Nate Silver, ‘Disruptive' Force At The New York Times, Joins ESPN

Nate Silver, A ‘Disruptive' Force At The New York Times, Joins ESPN

NEW YORK -– A couple weeks after Nate Silver was proven right across all 50 states on Election Day last year, Gawker Media chief Nick Denton honored The New York Times blogger and statistician with a book party in his Soho loft. Bill Keller, the former Times executive editor who convinced Silver to bring his FiveThirtyEight blog to the paper in 2010, offered a glowing introduction to the emerging Times star.

“I strongly suspect,” Keller said, “the first line of my obit will be ‘Bill Keller, who brought Nate Silver to The New York Times.’”

Keller may have been joking, but coming on the heels of Silver’s blog accounting for 20 percent of the paper’s online traffic, it was hard to overstate the 35-year-old's importance to the Times. Now eight months later, Silver is heading to ESPN in a move that strikes a blow to the venerable newspaper and has sparked speculation about whether he fit with the newsroom culture.

Silver, who started with Baseball Prospectus, a website devoted to the statistical analysis of baseball, will return to covering sports at ESPN as part of a mega-deal officially announced Monday. Silver will serve as editor-in-chief of an expanded FiveThirtyEight that will be modeled after ESPN’s Grantland site, while getting the opportunity to expand coverage beyond sports and politics. (Unlike The Times' three-year licensing deal, ESPN has bought the FiveThirtyEight name and domain.)

In addition, Silver will contribute political analysis to ABC News, which, like ESPN, is owned by Disney.

During a Monday conference call with reporters, Silver described the new ESPN-ABC gig as his “dream job.”

“What I’ve done now with politics at FiveThirtyEight is an approach we think is applicable to lots of areas,” Silver said, adding there’s potential in business, economics, weather, health, education, technology and culture.

“We’re not going to necessarily cover all those things all at once, but really more of a horizontal approach for how we do journalism and how we make data resonate for people in terms of storytelling and visuals and good journalism and everything else,” Silver said. “I think I found the perfect partner to do that given the resources that ESPN and ABC has.”

But as Silver tried shifting the focus to his current employer, speculation loomed in media circles about his decision to leave the Times and whether cultural factors within the newsroom contributed to in his final decision.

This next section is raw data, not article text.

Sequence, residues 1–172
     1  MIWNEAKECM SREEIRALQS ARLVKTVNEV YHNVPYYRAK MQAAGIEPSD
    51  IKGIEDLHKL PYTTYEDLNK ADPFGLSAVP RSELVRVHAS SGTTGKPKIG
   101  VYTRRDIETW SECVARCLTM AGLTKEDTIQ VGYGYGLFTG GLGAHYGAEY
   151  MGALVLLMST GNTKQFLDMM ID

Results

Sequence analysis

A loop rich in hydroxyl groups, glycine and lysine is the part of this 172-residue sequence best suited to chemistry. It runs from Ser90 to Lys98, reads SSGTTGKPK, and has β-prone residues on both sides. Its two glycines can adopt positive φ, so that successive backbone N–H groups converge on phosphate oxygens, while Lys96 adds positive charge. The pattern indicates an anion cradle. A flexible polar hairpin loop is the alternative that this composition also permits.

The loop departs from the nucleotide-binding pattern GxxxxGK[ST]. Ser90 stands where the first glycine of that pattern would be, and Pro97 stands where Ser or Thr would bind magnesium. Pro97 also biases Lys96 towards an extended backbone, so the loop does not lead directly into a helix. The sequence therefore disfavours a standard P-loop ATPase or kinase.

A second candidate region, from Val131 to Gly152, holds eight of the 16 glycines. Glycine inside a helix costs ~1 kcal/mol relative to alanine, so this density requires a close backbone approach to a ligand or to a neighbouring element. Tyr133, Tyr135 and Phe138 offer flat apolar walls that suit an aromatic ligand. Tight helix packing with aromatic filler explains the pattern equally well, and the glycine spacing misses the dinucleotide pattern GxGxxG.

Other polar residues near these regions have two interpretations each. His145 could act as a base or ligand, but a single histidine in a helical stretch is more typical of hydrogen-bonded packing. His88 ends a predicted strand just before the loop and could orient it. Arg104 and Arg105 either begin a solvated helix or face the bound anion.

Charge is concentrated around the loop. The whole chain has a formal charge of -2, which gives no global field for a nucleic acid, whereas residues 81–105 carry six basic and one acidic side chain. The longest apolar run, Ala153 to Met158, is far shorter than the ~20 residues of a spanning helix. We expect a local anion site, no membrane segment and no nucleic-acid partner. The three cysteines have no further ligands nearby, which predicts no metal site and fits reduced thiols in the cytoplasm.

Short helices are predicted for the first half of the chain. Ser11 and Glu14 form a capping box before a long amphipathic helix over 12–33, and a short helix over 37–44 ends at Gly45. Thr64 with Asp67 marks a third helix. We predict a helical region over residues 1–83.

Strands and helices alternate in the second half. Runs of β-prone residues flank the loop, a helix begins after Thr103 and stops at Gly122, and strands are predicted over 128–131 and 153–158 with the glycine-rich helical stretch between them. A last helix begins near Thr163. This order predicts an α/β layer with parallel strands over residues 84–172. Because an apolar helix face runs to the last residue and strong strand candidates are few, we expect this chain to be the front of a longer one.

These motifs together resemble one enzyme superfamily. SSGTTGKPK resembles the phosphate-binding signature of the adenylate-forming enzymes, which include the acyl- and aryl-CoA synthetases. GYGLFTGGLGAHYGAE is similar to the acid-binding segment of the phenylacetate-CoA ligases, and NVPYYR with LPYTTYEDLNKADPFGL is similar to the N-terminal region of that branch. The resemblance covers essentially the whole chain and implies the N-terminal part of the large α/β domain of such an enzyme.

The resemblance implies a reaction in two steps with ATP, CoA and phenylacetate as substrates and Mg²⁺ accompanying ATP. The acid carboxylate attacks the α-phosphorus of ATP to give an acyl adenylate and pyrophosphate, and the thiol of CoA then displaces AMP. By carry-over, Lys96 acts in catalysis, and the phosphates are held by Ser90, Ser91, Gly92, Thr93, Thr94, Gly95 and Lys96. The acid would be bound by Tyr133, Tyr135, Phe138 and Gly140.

The Times’ Brian Stelter broke the news Friday that Silver was leaving the paper, with Politico’s Mike Allen asking Playbook readers on Saturday to send in any “tick-tock/details on these negotiations.”

In Sunday’s “Playbook,” Allen reported how ESPN-ABC landed Silver following some initial interest from NBC and Bloomberg and a counteroffer from the Times. Allen reported that Times publisher and chairman Arthur Sulberger Jr. and CEO Mark Thompson worked to keep Silver, who was offered his own “brand-within-a-brand” with staff, similar to Andrew Ross Sorkin’s DealBook or Ezra Klein’s Wonkblog at The Washington Post.

During the 2012 race, Silver drew sneers from some Beltway journalists for going against conventional wisdom that the Obama-Romney race was close, an argument he made based on analysis of polls rather than punditry. Silver also found critics within the Times.

On Monday, New York Times public editor Margaret Sullivan described Silver at a “disruptive” force at the Times who did not “ever really fit into the Times culture and I think he was aware of that.” Sullivan revealed that "three high-profile Times political journalists" emailed her to criticize Silver and his work after she wrote about the blogger last September.

"The petty treatment of Nate Silver by some at the NYT is disappointing," tweeted Don Van Natta, a Pulitzer-winning journalist who left the Times for ESPN in 2011. "He will love @ESPN's supportive culture."

On Monday afternoon, this reporter asked Silver about the public editor's column, whether he felt constrained by the Times newsroom culture, and if he had enough support from colleagues.

“I had plenty of support, I felt, from [executive editor Jill Abramson] and from other key people at the Times,” Silver said. “I don’t really want to dwell too much to my relationships there. It was not -– I would say, I love the people at ESPN.“

Silver added that any cultural issue was “not a big factor” in his decision.

When asked again later about the public editor column, Silver said his focus now is on building a website and business. "I’m not interested in who I’m getting a beer with," Silver said. "I have plenty of people in my social circles for that. These cultural issues, I think, are getting a little more play than is appropriate.”

Near the end of the conference call, Silver said he weighed about six factors before deciding to leave for ESPN, including money, prestige, editorial freedom, fun, and challenge. ESPN wouldn't comment on how much it's paying to get the website and Silver.

“There’s no doubt, for different reasons, it might be easier for me to stay at The New York Times,” Silver said. “But I’ve been someone who, every four years, has shifted my career in different and subtle ways and that motivates me, right? There are going to be some things that are challenging here, especially in the building process, but the fact that there are, I tend to succeed under those circumstances.”

“I get too comfortable," Silver said, "I become uncomfortable, ironically."
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